Nevada Bank v. Sedgwick - 104 U.S. 111 (1881)
U.S. Supreme Court
Nevada Bank v. Sedgwick, 104 U.S. 111 (1881)
Nevada Bank v. Sedgwick
104 U.S. 111
ERROR TO THE CIRCUIT COURT OF THE UNITED
STATES FOR THE DISTRICT OF CALIFORNIA
Part of the capital of a state bank was invested in foreign countries. Held that it was subject to the tax imposed by sec. 3408 of the Revised Statutes, it not appearing in what manner the investments were made.
The facts are stated in the opinion of the Court.
MR. CHIEF JUSTICE WAITE delivered the opinion of the Court.
This suit was brought by a bank incorporated under the laws of, and having its principal place of business in, California against a collector of the internal revenue of the United States to recover taxes alleged to have been illegally exacted under the second clause of sec. 3408 of the Revised Statutes. That clause provides for the levy and collection of
"a tax of one twenty-fourth of one per centum each month upon the capital of any bank, association, company, corporation, and on the capital employed by any person in the business of banking, beyond the average amount invested in United States bonds."
A part of the capital of this bank was, as is alleged, "invested abroad and in foreign countries," and in assessing the taxes, this was included as capital with the rest. The case stands on demurrer to the complaint, and the single question we are asked to consider is whether the capital of a state bank "invested abroad and in foreign countries" can be taxed by the United States. In what manner the investments were made does not appear. The averment in the complaint is in the general language we have quoted.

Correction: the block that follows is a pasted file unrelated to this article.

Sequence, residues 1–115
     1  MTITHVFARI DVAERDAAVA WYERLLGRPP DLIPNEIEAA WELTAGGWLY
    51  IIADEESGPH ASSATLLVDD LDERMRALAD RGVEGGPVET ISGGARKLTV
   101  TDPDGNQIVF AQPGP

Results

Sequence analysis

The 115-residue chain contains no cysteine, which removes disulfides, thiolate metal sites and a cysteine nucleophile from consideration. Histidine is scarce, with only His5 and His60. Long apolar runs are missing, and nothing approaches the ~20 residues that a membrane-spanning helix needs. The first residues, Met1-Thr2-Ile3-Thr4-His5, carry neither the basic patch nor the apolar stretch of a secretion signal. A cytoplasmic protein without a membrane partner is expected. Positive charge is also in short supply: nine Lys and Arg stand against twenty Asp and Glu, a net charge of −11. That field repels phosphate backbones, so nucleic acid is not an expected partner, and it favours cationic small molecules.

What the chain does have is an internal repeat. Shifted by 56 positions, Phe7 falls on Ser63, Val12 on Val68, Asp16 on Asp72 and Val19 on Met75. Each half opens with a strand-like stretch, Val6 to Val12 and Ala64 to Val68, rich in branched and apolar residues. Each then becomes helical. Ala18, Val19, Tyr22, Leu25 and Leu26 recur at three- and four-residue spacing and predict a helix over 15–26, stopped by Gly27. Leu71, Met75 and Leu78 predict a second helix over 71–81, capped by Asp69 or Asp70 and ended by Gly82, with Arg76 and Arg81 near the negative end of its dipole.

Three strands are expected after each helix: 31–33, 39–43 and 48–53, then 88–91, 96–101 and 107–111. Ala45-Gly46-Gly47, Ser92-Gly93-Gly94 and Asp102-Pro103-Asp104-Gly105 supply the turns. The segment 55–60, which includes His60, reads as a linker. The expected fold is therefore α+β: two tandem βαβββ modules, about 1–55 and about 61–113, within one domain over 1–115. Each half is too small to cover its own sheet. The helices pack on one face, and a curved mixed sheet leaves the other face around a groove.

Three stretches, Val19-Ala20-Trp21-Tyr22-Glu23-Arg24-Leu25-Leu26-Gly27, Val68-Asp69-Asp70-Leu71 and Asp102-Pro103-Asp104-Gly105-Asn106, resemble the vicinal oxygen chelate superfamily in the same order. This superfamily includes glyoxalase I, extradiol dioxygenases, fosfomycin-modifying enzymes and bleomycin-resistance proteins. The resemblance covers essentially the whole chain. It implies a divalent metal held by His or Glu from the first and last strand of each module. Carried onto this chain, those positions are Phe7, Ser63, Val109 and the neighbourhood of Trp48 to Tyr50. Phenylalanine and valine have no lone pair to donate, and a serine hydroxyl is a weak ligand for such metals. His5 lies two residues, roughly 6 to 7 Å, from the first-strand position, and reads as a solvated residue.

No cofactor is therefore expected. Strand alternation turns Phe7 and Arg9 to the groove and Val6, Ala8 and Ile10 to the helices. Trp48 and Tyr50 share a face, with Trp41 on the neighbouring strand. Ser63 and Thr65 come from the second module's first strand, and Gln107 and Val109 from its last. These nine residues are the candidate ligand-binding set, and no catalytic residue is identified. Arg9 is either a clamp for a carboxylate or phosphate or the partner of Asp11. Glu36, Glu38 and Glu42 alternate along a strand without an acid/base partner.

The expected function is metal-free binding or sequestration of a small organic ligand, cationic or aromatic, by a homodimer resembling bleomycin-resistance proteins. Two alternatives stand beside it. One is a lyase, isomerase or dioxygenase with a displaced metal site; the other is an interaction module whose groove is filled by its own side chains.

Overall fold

As long ago as 1819, it was said by this Court, speaking through Mr. Chief Justice Marshall, in McCulloch v. State of Maryland, 4 Wheat. 316, that all subjects over which the sovereign power of a state extends are objects of taxation. Acting on this principle, we held recently, in Kirtland v. Hotchkiss, 100 U. S. 491, that a state might tax her resident citizens for debts held by them against nonresidents
and secured by mortgage on property in another state. That seems to us conclusive of this case. The Nevada Bank was incorporated and organized under the laws of one of the states of the Union, and it had its principal place of business within the United states. It was therefore subject to the sovereign power of the United states, and a proper object of taxation. The investments abroad are still the property of the bank and part of its capital. In the absence of any averments to the contrary, we must presume they were such as banks usually make in doing a banking business, and that their legal situs was at the home office of the corporation. We need not consider, therefore, whether, if they had been made in fixed property subject exclusively to another jurisdiction, a different rule would apply. As the case is presented, it comes clearly within the principle which was applied in Kirtland v. Hotchkiss, supra.